Founders Network is proud to launch our tenth chapter: Mexico City.
In Mexico City’s blossoming startup scene, founders are eager for new opportunities to connect, solve problems and learn from others with the experience of building a successful tech startup.
Anyone who has visited Mexico City knows that the city is bursting with creativity, culture and talent. And it’s a burgeoning hub for tech startups, too.
Starting this week, founders in Mexico City have a new way to connect, build relationships, and benefit from the shared experience and network of peer mentors with the launch of Founders Network.
Chapter #10 Launched: fnMexico City
Founders Network celebrated the launch of its newest chapter this week with a virtual launch event featuring some of the key talent that will be building out chapter programming. It also featured a keynote by Will Bunker, serial entrepreneur, former president at Match.com and current partner at GrowthX Capital.
“Mexico City is the main tech ecosystem in Latin America, with many founders planning to scale to Bogota, São Paulo and Santiago,” says Max Linares, president at Futurecasting and Founders Network Growth Chair. “Founders I spoke with are excited about the benefits of Founders Network’s structured mentoring programs. These programs unlock value in informal relationships with others in the ecosystem, as well as a bridge to Silicon Valley and other global tech hubs.”
Although Mexico City is largely overlooked as a tech market, that is gradually changing. Mexico City-based founders are quick to point out that some of the particular nuances and challenges in Mexico City, and in the country at large, have made a huge difference.
The business climate and networking in Mexico City has helped spark a braintrust of innovators.
More Sectors Growing
“The big one for the past two years, without fail, is Fintech,” said Julián Balderas, general manager of Ironhack México and Founders Network Ecosystem Advisor. “There are a mix of Mexico-native companies and companies from Spain, Argentina, and some from Colombia centered around fintech. Interest rates float around 18% in Mexico. This creates a rubberband effect where a lot of tech startups are coming to market because banks aren’t addressing people’s needs.”
Balderas and others describe an ecosystem of financial services that doesn’t always align with the needs of Mexicans who earn money, but have relatively few good options for loans and credit. Payments are another important niche in the Mexico City tech startup world, with some of the innovation spurred on by Mexico’s “Fintech Law” this year. The law provided a framework for electronic payments, crowdfunding, blockchain and other Fintech-related services.
Other areas, such as logistics and social impact startups, aren’t too far behind Fintech, added Balderas.
Its promise as a market is reflected in increasing investments in Mexico City.
Firms like Softbank, Alta Ventures, and well-known Silicon Valley accelerators are growing their presences in Mexico or Latin America.
But there are also unique challenges to tech startup life in Mexico City.
One is simply its size. The 573 sq mi city, which also has a population of over 9 million, is larger than New York City and traveling around town is time-consuming. That means there’s a need for “quality events, gaining insights from U.S. or other markets, and more collaboration,” said Eric Cardeña, Director of Community at MassChallenge México and Founders Network Chapter Director.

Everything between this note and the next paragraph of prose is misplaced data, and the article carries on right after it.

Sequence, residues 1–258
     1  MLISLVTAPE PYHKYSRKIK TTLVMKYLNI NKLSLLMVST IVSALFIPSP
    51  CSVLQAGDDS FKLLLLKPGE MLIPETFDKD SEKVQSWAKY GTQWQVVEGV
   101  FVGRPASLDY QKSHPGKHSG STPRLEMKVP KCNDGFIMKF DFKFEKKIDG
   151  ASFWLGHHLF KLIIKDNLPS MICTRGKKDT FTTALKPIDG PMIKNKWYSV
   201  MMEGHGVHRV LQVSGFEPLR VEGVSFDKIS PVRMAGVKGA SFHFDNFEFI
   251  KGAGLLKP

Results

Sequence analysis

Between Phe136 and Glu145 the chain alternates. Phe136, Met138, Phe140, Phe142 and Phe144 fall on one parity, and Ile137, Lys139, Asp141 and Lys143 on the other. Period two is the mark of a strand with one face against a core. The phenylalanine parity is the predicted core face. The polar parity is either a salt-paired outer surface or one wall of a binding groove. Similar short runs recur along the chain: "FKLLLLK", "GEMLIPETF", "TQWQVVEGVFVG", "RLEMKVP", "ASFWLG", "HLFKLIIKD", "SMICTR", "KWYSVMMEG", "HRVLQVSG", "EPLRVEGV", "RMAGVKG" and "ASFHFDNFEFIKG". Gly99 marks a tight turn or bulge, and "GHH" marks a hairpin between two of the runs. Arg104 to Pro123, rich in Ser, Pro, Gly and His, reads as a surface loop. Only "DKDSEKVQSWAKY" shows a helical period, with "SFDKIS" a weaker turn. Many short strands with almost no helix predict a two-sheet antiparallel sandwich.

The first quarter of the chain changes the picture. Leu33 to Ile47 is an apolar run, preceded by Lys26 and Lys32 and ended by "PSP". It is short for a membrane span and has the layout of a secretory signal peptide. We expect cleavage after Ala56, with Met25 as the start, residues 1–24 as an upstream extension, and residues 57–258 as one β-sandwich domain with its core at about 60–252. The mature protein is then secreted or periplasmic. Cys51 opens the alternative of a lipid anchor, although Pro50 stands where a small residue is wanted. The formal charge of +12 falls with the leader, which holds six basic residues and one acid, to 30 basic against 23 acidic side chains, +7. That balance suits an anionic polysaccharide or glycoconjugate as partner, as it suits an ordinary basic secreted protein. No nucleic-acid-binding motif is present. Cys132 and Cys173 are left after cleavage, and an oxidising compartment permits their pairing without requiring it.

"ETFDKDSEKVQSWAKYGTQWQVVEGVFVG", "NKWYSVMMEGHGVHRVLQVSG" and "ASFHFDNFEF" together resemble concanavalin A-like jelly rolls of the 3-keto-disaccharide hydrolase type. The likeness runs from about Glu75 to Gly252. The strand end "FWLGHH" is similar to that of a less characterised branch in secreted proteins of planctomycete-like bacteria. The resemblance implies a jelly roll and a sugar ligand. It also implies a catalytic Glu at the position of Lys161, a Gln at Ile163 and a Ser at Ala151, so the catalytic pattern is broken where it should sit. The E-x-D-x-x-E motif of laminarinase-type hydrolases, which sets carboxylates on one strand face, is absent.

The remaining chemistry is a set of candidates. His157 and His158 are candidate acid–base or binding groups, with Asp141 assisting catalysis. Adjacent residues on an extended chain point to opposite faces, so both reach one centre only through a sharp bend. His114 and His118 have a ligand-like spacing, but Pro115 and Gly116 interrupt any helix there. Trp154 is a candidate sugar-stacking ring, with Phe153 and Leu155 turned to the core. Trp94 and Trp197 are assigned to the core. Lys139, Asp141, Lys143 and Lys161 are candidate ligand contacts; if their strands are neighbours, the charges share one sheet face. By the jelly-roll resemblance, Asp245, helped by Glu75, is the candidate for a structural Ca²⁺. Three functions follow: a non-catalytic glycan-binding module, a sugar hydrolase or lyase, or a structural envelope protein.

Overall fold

The Burgeoning Tech Ecosystem Needs Mentors
Another issue is lack of networking and mentoring. The burgeoning tech startup ecosystem means there are fewer founders who have had successful exits and pass on the wisdom to the next generation of entrepreneurs, adds Rafael Jiménez, founder of Seenapse and Founders Network Membership Chair.
“There’s an overall lack of mentoring programs in that regard,” Jiménez said. “So one of the values Founders Network brings is precisely the ability of reaching out beyond your immediate surroundings and having the opportunity to discuss the startup journey with peer mentors in other parts of the world, or even here in Mexico.”
Startup founders who successfully sell their company, or pursue some other exit, often wind up transitioning over to the venture capital side and/or act as a mentor for younger startups.
Founders Network brings mentoring and expertise from more mature tech startup markets like Silicon Valley.
Founders Network has expanded into 10 cities including its home base of San Francisco. With the mantra of Founders Helping Founders®, FN naturally brings that generational experience that founders often take for granted in more developed markets.
It also helps to bring Mexico City’s startup ecosystem together for cross-mentoring that those who understand the market are especially suited for — while also nurturing relationships with other tech hubs.
The VC Route Isn’t The Only Path
“The experience from founders from other regions is helpful in two ways: one is how to prepare, polish your pitch deck and what VCs are more compatible with what you’re working on,” says Jiménez. “Also, we can now talk about other options besides the VC route, because it’s not necessarily good for everybody. That knowledge and expertise is valuable in itself, because many people think that there’s only one way to go about it.”
Mexico City founders are ready for the challenge, adds Balderas.
“It’s the opposite of a bubble here; you really have to prove yourself in order to raise capital,” he says. “Most tech startups in Mexico are revenue-driven: you really have to prove your numbers, and you have to have sales driving your investment pitch. It’s a chicken-and-egg problem, and we need to start supporting the base of the pyramid in order to promote more startups.”